As this great drawdown and re-carbonization of the soil and biota occurs, civilization will reap a wide range of other benefits. These include increased soil fertility, increased soil moisture (rainfall retention), the return of regular rainfall and weather patterns, increased food production, nutrient-rich food, enhanced biodiversity, rural and urban economic development and millions of new “green” jobs.

The biggest obstacle we face in scaling regenerative agriculture is educating the public on a global scale. Only a small percentage of citizens, farmers, scientists and policymakers understand the benefits of regenerative food and farming. Some haven’t even heard the term. Therefore, our initial task is to educate folks on the message of regeneration. From there, we can organize core groups, coalitions, pilot projects and policy reforms in every town, city, state and nation.

The following action plan is designed to jumpstart an educational campaign on regenerative food, farming and land-use.

Step 1. Learn the basic principles of regenerative food, farming and land-use.

 Learn how to explain regenerative food, farming and land use as a solution to climate change, global food insecurity, biodiversity loss, water scarcity, public health and more. Be sure to avoid the “doom and gloom” climate change talk, and instead focus on the solution: regeneration.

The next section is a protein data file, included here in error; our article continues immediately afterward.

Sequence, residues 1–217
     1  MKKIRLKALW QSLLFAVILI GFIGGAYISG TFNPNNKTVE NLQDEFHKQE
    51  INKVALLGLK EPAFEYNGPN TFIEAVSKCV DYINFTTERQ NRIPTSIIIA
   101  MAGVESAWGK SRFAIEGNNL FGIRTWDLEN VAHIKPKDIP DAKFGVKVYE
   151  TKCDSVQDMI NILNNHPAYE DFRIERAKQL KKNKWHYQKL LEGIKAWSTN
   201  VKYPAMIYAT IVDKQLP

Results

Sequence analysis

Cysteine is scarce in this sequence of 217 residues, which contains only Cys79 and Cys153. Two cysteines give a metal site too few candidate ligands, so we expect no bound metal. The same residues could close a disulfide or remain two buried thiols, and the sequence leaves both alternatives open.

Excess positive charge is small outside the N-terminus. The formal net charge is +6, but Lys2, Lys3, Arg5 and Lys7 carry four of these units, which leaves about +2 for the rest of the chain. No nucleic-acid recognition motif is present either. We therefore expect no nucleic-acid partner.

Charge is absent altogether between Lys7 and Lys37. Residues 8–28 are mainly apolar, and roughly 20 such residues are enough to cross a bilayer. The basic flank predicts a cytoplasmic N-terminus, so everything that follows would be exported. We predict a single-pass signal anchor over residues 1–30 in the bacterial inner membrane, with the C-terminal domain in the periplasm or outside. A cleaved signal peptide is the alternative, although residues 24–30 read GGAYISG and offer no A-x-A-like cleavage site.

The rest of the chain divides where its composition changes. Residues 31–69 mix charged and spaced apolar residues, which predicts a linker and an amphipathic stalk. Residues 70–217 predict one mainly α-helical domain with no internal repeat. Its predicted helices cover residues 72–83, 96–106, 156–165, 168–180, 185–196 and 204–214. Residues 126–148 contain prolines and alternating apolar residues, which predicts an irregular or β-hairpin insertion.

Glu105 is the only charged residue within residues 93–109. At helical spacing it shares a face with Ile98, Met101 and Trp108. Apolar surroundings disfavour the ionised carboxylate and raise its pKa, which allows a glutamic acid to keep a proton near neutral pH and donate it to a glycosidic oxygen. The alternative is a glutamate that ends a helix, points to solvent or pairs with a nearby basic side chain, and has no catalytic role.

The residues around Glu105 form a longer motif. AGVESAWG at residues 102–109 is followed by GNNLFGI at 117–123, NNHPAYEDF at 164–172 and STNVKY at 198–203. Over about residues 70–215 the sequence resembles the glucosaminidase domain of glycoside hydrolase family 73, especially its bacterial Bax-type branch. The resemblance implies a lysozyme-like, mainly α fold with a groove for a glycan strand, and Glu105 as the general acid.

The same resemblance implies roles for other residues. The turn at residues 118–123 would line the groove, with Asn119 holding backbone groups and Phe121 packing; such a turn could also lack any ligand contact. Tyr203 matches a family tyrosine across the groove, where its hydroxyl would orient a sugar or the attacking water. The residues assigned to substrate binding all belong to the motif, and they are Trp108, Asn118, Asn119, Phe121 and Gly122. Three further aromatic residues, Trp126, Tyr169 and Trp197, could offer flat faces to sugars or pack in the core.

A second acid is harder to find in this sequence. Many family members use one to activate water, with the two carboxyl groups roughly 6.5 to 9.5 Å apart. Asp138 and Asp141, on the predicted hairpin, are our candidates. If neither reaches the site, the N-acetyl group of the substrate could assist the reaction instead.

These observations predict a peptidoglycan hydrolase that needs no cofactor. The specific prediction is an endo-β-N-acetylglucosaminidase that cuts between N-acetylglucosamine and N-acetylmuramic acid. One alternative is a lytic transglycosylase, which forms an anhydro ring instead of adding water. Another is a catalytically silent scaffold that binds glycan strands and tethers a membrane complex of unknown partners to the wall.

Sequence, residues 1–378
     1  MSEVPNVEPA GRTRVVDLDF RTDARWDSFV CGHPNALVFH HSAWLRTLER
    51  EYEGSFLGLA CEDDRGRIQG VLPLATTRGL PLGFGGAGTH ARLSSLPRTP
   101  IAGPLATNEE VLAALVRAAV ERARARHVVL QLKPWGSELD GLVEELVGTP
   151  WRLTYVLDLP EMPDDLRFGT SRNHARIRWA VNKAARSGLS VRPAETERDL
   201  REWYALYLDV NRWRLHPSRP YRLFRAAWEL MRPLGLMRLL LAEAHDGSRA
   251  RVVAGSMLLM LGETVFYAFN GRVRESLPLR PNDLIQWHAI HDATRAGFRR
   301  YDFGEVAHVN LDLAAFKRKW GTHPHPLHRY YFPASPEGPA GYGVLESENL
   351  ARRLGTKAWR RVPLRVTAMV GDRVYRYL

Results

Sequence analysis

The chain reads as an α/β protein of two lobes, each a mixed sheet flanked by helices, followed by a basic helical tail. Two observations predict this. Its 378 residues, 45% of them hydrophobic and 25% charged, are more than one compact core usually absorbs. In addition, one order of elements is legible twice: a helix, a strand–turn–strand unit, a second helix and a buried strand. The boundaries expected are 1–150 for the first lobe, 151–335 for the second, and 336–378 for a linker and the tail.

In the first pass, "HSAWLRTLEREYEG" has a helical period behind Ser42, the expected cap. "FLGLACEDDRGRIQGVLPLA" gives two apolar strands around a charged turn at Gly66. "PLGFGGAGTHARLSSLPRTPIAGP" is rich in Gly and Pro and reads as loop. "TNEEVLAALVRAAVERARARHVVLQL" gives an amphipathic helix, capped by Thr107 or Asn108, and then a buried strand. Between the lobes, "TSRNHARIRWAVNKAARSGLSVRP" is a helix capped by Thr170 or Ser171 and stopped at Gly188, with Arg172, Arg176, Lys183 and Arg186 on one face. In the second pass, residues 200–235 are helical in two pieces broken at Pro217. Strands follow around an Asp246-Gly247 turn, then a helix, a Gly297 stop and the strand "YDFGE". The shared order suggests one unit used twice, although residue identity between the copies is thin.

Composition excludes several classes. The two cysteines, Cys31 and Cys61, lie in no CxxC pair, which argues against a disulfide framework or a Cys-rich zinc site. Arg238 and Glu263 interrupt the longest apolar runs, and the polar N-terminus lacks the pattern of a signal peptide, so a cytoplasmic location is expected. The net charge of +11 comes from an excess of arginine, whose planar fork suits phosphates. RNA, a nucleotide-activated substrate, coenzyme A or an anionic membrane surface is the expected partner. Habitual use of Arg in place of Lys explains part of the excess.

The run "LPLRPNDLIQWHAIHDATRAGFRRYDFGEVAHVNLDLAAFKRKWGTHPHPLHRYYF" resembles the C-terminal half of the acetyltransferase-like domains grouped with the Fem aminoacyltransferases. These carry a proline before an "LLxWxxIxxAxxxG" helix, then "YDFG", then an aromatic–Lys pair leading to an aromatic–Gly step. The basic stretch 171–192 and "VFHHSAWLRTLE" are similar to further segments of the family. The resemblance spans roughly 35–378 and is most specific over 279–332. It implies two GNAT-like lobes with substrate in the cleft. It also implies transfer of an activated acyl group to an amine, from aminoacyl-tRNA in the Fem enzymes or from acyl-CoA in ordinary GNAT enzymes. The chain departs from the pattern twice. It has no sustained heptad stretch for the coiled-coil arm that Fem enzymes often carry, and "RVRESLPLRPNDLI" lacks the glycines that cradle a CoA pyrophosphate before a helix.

Once you understand the principles of regenerative food, farming and land use, get excited! Your inspiration will inspire others to join the cause. Over time, you’ll improve your outreach and your ability to recruit others. A good place to start is to engage in conversations with people you already know, and who are concerned about the crises we currently face.

Avoid those closed off to the concept of regeneration. Focus instead on people who are open minded and interested in solutions. You’ll know you’re ready to spread the message of regeneration on a larger scale once you’ve inspired those closest to you, i.e. friends, family members, co-workers.

For more information on regeneration, visit

For the latest research on regenerative agriculture, visit

For trending news on regenerative agriculture, visit

Step 2. Develop a core group of 4-5 regenerators. Then join or create your local “Regenerate” Facebook group

 Candidates for these groups include but aren’t limited to local food, climate, farm and political activists; environmentalists; local church members; students; teachers; gardeners; and artists.

Plan a potluck or study group to build your core group’s understanding of our most pressing issues and brainstorm ways to grow your mission. Ask your members to join a local “Regenerate” Facebook group. Or create one if there isn’t an existing group in your area. Click here to find your local “Regenerate” group:

You may also register as an affiliate of Regeneration International here:

Step 3. Get familiar with the Global 4/1000 Initiative on Soils and Food Security.

 The 4/1000 initiative is the only global local-to-national climate strategy to sequester excess carbon from the atmosphere as a means of reversing climate change.

Think of the 4/1000 initiative as sort of a Global Declaration of Interdependence, an acknowledgement and a pledge, from people all over the world, to commit to a plan to regenerate our planet.